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WA Registered Trustee Entering Bankrupt's Home - Conduct Questionable?

Discussion in 'Debt and Bankruptcy Law Forum' started by Keziah, 28 September 2014.

  1. Keziah

    Keziah Well-Known Member

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    What is the legal procedure for a registered bankruptcy trustee to enter into a bankrupt's home and inspect throughout the home? Are they required to give reasonable notice, and what would be considered 'reasonable notice'?
     
  2. Sarah J

    Sarah J Well-Known Member

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    Is the trustee court appointed trustee in bankruptcy?

    Under general principles, once a person is declared bankrupt and a trustee in bankruptcy has been appointed by the court, that person will then act for the creditors and all divisible property (property that can be taken by the trustee) belongs to the trustee for the benefit of the creditors. Therefore, the trustee can enter property, seize property and deal with property as they please with or without notice.

    The trustee should have explained their rights and responsibilities and your responsibilities at the time of appointment: Bankruptcy guide Federal Court of Australia.

    A family home can be part of the divisible property, along with home contents that are not necessary household items. See "what happens to the bankrupt's property" for a breakdown of what is divisible and what is non-divisible property.
     
  3. Keziah

    Keziah Well-Known Member

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    No, not appointed by court. Appointed 3.5 months into bankruptcy by creditor with agenda. Rented home. Insistent on half hours notice to mother home alone with sick child home from school. Somewhere it is stated trustee has to give reasonable notice. Child heard 2 hour interrogation & witnessed mother being emotionally torn apart, then surprise house inspection. Is that normal conduct?
     
  4. Sarah J

    Sarah J Well-Known Member

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    Hi Keziah,

    I am guessing that a creditor applied to the court for a sequestration (bankruptcy) order? And that this was not a voluntary bankruptcy petition? In this case, the creditor may appoint a trustee.

    The trustee will generally not be coming into your house unless they need to search for something or do a content valuation or seek account books. The trustee should give you reasonable notice before their visit. However, I am unsure whether this is mandated by law or whether this is just good industry practice.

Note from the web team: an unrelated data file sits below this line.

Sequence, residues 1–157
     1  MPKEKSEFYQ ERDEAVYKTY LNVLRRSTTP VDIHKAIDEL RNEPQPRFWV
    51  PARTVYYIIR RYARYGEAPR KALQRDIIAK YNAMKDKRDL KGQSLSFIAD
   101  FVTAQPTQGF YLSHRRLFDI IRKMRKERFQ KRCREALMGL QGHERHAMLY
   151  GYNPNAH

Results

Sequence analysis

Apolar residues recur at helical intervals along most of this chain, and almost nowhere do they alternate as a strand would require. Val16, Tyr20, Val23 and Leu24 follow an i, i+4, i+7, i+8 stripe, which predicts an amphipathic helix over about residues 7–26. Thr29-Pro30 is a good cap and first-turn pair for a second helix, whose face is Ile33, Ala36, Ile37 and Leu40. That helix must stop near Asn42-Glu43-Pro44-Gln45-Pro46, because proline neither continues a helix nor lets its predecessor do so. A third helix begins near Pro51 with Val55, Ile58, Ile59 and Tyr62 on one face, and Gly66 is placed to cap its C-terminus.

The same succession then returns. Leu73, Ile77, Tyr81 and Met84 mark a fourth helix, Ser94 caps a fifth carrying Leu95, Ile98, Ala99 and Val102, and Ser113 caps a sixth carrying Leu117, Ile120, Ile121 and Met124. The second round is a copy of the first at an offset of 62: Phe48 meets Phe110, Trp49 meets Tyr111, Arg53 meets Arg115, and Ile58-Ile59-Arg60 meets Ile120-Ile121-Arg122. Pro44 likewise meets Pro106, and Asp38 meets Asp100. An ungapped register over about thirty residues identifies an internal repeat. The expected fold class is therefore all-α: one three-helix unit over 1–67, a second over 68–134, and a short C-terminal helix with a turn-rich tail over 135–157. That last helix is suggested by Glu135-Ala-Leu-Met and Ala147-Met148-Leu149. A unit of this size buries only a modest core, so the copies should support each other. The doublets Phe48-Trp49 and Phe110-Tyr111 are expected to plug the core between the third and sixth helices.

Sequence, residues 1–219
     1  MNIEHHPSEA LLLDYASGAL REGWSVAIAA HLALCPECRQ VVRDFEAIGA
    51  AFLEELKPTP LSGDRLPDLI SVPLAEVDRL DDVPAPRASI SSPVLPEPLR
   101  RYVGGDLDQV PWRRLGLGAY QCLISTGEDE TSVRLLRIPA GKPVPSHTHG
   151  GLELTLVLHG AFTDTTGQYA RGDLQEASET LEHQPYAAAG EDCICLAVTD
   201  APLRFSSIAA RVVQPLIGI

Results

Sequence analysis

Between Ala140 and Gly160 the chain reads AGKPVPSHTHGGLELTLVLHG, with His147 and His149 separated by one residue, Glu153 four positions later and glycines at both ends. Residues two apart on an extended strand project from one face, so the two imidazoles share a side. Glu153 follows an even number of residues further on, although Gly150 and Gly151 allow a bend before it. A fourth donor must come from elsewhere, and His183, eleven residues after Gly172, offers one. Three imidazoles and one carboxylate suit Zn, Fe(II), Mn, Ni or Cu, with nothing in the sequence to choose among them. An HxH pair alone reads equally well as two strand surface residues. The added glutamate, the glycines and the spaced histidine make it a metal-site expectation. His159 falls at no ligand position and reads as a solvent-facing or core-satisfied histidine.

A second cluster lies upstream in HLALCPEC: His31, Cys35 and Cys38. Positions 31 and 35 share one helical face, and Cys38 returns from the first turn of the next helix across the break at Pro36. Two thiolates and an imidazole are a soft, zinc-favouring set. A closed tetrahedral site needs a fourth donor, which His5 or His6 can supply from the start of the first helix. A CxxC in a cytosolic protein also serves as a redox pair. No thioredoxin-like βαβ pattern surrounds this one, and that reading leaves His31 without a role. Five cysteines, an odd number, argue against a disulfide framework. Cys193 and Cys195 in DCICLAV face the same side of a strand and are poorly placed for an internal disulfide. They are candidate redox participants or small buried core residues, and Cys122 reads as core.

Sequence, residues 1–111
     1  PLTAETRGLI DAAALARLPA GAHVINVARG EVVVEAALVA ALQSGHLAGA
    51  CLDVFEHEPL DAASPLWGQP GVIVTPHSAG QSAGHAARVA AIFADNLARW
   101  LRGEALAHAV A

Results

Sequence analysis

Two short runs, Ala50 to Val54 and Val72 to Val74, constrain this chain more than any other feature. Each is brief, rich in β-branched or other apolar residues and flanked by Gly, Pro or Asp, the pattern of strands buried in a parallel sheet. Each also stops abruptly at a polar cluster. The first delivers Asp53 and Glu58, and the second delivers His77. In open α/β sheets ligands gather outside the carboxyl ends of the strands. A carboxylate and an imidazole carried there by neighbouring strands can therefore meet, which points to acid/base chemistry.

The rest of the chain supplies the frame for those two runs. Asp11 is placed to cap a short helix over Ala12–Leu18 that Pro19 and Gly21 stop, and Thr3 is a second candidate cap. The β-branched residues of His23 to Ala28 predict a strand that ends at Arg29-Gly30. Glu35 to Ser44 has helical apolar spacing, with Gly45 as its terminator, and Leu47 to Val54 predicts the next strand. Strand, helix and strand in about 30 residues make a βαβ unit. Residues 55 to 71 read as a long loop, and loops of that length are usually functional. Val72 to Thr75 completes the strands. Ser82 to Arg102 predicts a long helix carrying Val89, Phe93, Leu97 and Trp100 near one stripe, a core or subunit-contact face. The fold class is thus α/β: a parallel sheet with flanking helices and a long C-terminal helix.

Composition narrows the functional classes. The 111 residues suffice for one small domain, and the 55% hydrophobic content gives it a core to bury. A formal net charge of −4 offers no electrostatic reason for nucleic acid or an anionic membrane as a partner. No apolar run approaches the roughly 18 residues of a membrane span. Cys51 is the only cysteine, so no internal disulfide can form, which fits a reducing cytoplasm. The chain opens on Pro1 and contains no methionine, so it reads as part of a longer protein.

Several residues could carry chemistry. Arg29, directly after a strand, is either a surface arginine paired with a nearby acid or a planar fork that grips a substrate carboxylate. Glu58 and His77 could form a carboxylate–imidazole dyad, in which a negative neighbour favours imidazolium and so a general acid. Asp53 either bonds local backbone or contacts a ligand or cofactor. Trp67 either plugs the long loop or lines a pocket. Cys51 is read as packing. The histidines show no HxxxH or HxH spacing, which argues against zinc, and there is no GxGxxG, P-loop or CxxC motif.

Trustees are generally governed by the Bankruptcy Act 1966 (Cth). However, going through this legislation, I cannot find any provision that requires notice to be given by the trustee. The nearest provision I found is s 77AA - access to premises which allows the trustee to enter premises "at all reasonable times".

    I suggest speaking with the Financial Ombudsman Services in relation to the notice and the conduct of the trustees in bankruptcy. Further, I suggest speaking with your local legal community centre in relation to whether the creditor followed proper procedure in terms of petitioning court for the sequestration order and in giving your notice and in appointing their own trustee.
     
  5. Keziah

    Keziah Well-Known Member

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    Thankyou very much for that. It was a voluntary bankruptcy & it was NOT a reasonable time to 'visit'. Your advice and time spent is very much appreciated.
     
  6. Keziah

    Keziah Well-Known Member

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    If this was a voluntary bankruptcy, from your comment, does a creditor have the right to appoint a private trustee? Where would I find this information written.
    Also, if the bankrupt had an unresolved counter-claim against this creditor, and the creditor paid a large sum of money up-front to the trustee, who then dismisses the counter-claim without being presented all the facts, is this conflict of interest?
     
  7. Sarah J

    Sarah J Well-Known Member

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    A trustee acts in the interests of the creditor and not the bankrupt. creditor appointed trustee will most likely act in the interests of that creditor. Hence, I strongly suggest you get your own legal advise before paying over the money to the trustee and forfeiting your counter-claim. If you have already done this, you may seek the counter-claimed damages as a separate action initiated by you.

    Generally, a voluntary bankrupt the court will appoint someone from the Australian Financial Security Authority.

    The following pages may be of some guidance to you:

    - Federal Court of Australia: Bankruptcy guide.
    - Creditor's petition checklist.
    - Lodging a complaint against the trustee. (I suggest taking a look at this).
    - The Law Handbook: Bankruptcy.
     
  8. Keziah

    Keziah Well-Known Member

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    Thankyou Sarah. I was with AFSA for 3.5 months & then creditor hired trustee & 'set him upon us'.
    Best regards.
     
  9. Keziah

    Keziah Well-Known Member

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    Does a registered trustee 'own' the shares of the bankrupt's company if the company is owned by a family trust ?
     
  10. Sarah J

    Sarah J Well-Known Member

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    No, if the company is owned by a family trust, the trust should not go to the trustee in bankrupt. This is because the debtor (person who is bankrupt) is not the beneficiary of the trust.
     

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